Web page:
What’s not to love about a gallery wall? It is the ideal place to put on display the art you’ve collected, alongside family photos and momentos. Your gallery wall will inject character, warmth and personality to any wall in your home. It will also prompt interesting conversations.
But there is much more to putting together a gallery wall than just selecting some pieces of artwork that happen to blend together. You need to assess the sizes to make sure they fit right, and be sure the frames go together.
The main stumbling point is trying to figure out where to begin. Which scenario fits your situation: You have a bunch of art and you need to determine what fits on your wall, or you have a blank wall that needs some art?
Keep in mind that putting together a gallery wall is not an exact science. Your gallery wall will be unique as it represents your specific life experiences. One rule of thumb for a gallery wall is to make it personal.
Tips for Creating the Perfect Gallery Wall
Identify Your Gallery Style
What type of style are you wanting to showcase for your gallery wall? Do you want a streamline gallery wall with artwork that is coordinated or would you rather opt for an eclectic vibe?
You might consider varying your art styles to put forth a dynamic gallery wall. Mix various styles of art and photography. This provides your wall with depth and allows each piece to shine without detracting from each other.
Utilize various types of art in your different styles, including photographs, abstract pieces, line drawings, for example.
Mix Up Your Frame & Matte
You might want to include an assortment of types of frames with different colors and finishes. You should have the variety restricted to a max of three different colors and finishes. You are aiming for an eclectic look while also having an informally curated gallery wall. By doing this, your art will look like it belongs together and has a cohesive theme.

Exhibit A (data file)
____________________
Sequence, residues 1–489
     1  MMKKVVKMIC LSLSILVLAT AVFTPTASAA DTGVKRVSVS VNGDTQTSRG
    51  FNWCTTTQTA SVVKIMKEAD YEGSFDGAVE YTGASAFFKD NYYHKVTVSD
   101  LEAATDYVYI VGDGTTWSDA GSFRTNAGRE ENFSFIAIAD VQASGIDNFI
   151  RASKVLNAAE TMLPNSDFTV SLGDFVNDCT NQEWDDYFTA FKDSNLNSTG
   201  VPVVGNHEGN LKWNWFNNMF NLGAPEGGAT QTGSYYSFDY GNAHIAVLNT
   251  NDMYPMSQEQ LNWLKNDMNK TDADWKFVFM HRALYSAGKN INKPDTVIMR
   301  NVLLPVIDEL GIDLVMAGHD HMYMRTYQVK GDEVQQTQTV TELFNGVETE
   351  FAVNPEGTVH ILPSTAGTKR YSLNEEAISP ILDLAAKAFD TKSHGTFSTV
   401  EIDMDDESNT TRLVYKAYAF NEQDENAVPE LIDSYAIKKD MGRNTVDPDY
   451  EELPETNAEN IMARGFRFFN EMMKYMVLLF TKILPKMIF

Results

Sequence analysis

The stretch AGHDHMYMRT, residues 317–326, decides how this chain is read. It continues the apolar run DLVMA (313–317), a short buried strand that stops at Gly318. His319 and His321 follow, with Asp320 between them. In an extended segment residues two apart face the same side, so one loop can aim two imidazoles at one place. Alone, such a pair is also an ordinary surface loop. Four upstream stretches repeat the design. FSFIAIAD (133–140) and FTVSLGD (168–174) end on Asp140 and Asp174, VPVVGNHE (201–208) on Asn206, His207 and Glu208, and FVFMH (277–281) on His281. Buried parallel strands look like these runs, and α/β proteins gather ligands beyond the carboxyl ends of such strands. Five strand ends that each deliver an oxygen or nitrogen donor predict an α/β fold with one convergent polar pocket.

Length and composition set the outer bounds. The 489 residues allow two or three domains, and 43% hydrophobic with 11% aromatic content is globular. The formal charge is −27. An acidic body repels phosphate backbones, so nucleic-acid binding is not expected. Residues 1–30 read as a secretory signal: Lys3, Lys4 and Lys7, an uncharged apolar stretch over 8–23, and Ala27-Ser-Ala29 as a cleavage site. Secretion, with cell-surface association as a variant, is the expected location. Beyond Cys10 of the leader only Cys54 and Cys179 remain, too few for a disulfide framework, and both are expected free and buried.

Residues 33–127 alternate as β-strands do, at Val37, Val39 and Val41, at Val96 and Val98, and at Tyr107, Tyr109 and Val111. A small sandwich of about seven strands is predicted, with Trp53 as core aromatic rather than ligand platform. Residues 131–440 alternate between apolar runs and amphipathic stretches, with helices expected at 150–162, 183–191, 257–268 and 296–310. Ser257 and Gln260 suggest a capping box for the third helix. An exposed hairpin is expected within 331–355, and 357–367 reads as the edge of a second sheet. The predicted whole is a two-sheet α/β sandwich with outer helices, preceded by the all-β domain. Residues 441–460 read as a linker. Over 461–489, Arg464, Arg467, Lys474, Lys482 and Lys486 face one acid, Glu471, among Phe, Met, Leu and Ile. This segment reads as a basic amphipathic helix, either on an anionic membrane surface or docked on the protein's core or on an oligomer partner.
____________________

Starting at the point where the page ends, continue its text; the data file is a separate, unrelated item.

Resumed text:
Further add variety to your gallery wall by experimenting with different sizes of matting. Some art could have a thick matte, while others might have an average size. Still other art may not have a matte whatsoever. The goal is to leverage the matte to add striking visual interest to your gallery wall.
We recommend adhering to a shade of white with your matte to achieve a classic and cohesive look.
Change Up Sizes and Orientations
When you are laying out your design, try switching up the shapes, sizes and orientations of your frames.
Gallery walls tend to be most striking when they showcase pieces of all different sizes. Choose one to three larger pieces and fill the rest in with small and medium-sized art. Also, don’t select all vertical or all horizontal pieces. Be sure to mix it up.
Carefully Choose Your Color Palette
In order to achieve a cohesive look to your gallery wall, incorporate a variety of mixed media, such as sketches, prints, watercolor, and posters. This varied appearance will effectively help you pull off an eclectic style. But what is important is that all your pieces remain in the same color palette.
Think of it this way: each piece of art brings its own style and personality to your gallery wall. Although the art does not have to match, it is best to have it blend together and make sense.
Make Sure It’s Personal
Be bold as you include family photos, letters from a loved one, kid art, momentos from a favorite uncle or grandparent. Select artwork that represents the innate qualities and personal characteristics of family members and relatives. Choose photos that capture treasured family times together.
Include drawings that your kids have made, photos that celebrate milestone events in your family’s life, and quirky paintings that a child did. This is the perfect way to ensure your gallery wall is personal and exudes personality.